By K. Lea Morris

http://haftpflichtversicherungg.com/

October 4th, 2012  11:15am

It seems these days we are being warned of new dangers associated with various foods on a weekly if not daily basis. With this many warnings and red flags, how are we to know which ones to take seriously? Well, it seems that the U.S. Food and Drug Administration (FDA) is weighing in on one of the most recent foods to come under attack, and the agency appears to be taking things seriously.

The FDA recently released preliminary data related to arsenic levels in rice and certain rice products. According to the FDA, the data is based on the first set of approximately 200 samples of rice and rice products collected in the U.S. marketplace. The FDA says it is in the process of collecting and analyzing approximately 1,200 samples to investigate the issue as thoroughly as possible and it expects the data collection to be completed by the end of 2012. The FDA will then use this data to determine whether or not it should issue additional recommendations.

Based on the initial data, the FDA says it does not have adequate scientific basis to recommend changes to consumers relating to their consumption of rice and rice products. The FDA’s initial analysis of the samples found an average of 3.5 to 6.7 micrograms of inorganic arsenic per serving in the various rice and rice products tested.    The FDA’s Deputy Commissioner for Foods, Michael Taylor, commented on the data and the FDA’s ongoing review saying, “It is critical to not get ahead of the science. The FDA’s ongoing data collection and other assessments will give us a solid scientific basis for determining what action levels and/or other steps are needed to reduce exposure to arsenic in rice and rice products.”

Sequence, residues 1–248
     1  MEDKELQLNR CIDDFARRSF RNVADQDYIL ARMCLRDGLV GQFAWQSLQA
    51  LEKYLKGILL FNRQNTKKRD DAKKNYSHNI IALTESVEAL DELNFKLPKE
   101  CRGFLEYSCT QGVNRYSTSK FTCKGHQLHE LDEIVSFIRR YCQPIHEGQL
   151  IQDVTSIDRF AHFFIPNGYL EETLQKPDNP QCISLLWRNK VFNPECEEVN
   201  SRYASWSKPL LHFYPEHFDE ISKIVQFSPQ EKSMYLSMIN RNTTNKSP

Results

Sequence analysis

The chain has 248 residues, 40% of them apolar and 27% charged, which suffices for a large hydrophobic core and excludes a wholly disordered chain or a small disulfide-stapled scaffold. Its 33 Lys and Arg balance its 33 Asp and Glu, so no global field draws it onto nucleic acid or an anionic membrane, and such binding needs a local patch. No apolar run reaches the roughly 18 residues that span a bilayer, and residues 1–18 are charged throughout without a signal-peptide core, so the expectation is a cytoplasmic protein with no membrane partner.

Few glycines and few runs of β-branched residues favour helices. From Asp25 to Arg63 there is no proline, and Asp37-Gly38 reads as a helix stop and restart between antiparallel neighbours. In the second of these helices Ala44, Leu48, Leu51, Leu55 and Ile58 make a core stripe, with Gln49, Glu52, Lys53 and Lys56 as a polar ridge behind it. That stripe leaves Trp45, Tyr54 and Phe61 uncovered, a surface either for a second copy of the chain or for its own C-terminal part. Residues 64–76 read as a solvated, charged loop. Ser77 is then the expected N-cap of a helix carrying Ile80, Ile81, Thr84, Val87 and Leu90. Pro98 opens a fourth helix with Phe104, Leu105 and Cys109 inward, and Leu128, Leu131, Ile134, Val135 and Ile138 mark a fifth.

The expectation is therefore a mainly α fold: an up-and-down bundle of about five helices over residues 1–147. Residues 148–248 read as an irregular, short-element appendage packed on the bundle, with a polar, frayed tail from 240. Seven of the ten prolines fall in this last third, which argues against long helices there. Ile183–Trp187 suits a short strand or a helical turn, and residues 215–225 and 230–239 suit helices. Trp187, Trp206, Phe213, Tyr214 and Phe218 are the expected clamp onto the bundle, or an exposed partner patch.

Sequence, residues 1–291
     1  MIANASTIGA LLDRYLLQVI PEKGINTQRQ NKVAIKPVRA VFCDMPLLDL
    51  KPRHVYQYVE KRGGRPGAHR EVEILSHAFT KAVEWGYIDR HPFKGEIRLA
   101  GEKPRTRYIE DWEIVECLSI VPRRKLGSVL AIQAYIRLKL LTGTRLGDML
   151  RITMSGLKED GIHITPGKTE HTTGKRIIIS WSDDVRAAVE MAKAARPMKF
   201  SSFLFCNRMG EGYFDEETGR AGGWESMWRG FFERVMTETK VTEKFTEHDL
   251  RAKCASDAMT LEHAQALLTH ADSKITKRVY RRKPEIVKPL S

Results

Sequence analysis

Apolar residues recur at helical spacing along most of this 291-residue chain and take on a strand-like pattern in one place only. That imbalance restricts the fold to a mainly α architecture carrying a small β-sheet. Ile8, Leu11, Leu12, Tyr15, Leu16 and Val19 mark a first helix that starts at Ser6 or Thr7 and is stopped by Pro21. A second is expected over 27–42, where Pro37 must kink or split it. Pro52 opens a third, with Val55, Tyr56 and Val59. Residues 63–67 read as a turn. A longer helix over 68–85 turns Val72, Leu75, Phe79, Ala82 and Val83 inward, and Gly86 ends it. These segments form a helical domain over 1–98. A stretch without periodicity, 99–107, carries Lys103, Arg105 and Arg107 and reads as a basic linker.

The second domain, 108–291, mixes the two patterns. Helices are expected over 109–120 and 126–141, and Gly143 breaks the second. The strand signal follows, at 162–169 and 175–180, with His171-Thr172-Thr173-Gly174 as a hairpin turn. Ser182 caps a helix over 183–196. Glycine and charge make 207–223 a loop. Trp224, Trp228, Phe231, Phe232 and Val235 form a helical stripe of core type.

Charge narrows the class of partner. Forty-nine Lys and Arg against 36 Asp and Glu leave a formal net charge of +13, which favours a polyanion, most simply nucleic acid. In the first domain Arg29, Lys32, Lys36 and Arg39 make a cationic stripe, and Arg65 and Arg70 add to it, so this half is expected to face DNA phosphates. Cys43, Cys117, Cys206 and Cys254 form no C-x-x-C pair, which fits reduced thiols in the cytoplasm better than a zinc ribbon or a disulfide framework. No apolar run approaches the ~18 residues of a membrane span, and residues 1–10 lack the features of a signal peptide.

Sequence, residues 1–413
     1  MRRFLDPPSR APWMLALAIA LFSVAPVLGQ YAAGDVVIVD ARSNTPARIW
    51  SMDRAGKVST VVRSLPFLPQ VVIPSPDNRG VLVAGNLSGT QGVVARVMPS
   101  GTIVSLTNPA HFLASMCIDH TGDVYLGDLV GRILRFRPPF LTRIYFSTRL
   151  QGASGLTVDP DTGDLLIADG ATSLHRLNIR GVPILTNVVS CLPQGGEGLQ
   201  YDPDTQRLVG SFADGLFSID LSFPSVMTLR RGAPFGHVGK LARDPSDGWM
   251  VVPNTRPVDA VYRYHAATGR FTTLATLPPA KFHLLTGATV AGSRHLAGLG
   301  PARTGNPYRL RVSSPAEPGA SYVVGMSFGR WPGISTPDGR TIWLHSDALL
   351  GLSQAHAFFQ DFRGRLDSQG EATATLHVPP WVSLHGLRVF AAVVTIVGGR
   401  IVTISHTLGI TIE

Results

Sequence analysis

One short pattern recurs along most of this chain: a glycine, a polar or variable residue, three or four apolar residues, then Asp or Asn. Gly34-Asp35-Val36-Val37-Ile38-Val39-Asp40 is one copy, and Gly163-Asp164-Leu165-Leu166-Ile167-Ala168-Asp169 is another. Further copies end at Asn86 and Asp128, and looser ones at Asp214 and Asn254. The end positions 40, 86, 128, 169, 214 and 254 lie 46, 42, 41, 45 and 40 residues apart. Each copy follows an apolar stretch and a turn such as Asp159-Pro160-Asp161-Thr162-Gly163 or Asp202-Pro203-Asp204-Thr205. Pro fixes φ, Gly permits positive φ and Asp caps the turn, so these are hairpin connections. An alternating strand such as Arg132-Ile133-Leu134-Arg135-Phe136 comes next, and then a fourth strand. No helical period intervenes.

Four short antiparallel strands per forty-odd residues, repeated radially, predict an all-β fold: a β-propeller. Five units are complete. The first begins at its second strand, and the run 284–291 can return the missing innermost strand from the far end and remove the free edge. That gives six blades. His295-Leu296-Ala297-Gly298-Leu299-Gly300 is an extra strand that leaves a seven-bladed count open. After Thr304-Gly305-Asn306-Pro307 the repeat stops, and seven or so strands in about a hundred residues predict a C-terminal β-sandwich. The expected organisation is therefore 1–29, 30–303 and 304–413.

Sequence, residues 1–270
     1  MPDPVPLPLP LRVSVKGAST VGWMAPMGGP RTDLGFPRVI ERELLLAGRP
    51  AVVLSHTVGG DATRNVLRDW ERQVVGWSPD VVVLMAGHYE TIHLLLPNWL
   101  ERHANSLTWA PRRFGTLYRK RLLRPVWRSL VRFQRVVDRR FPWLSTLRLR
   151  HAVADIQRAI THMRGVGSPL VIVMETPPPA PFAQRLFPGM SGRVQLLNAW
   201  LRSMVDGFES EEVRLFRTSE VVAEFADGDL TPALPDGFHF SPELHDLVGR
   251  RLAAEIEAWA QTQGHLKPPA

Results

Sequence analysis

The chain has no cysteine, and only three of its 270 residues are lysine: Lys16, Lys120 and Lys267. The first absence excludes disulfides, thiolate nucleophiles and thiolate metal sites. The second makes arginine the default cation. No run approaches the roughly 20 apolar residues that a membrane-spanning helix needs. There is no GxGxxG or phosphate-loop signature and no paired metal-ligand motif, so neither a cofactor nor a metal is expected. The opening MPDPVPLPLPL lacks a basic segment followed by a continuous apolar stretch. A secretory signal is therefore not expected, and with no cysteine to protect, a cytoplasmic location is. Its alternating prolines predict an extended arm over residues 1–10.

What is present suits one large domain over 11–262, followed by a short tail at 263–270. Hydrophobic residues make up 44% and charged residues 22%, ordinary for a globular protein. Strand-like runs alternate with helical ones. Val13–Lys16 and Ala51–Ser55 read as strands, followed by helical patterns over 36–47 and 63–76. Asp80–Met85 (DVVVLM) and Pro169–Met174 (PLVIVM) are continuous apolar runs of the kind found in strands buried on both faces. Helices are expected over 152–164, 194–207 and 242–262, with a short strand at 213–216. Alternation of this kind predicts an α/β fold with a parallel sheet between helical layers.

So, while we might not have guidance quite yet on whether or not we should be concerned about arsenic in our rice, at least we know we’ll have guidance from the FDA soon. And in the meantime, the FDA recommends consumers eat a balanced diet containing a wide variety of grains, not only for good nutrition, but also to minimize any negative consequences of any one particular food.

K. Lea Morris is an associate at the firm of Levin, Papantonio, Thomas, Mitchell, Rafferty, and Proctor.  Lea focuses her practice on Mass Torts and works on a number of projects including Gadolinium, Trasylol, Avandia, Breast Implant, and Reglan.

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Farron Cousins is the executive editor of The Trial Lawyer magazine and a contributing writer at DeSmogBlog.com. He also hosts the weekly DeSmogCAST and serves as co-host for Ring of Fire on Free Speech TV. His writings have appeared on Alternet, Truthout, and The Huffington Post. Farron received his bachelor's degree in Political Science from the University of West Florida in 2005 and became a member of American MENSA in 2009. Follow him on Twitter @farronbalanced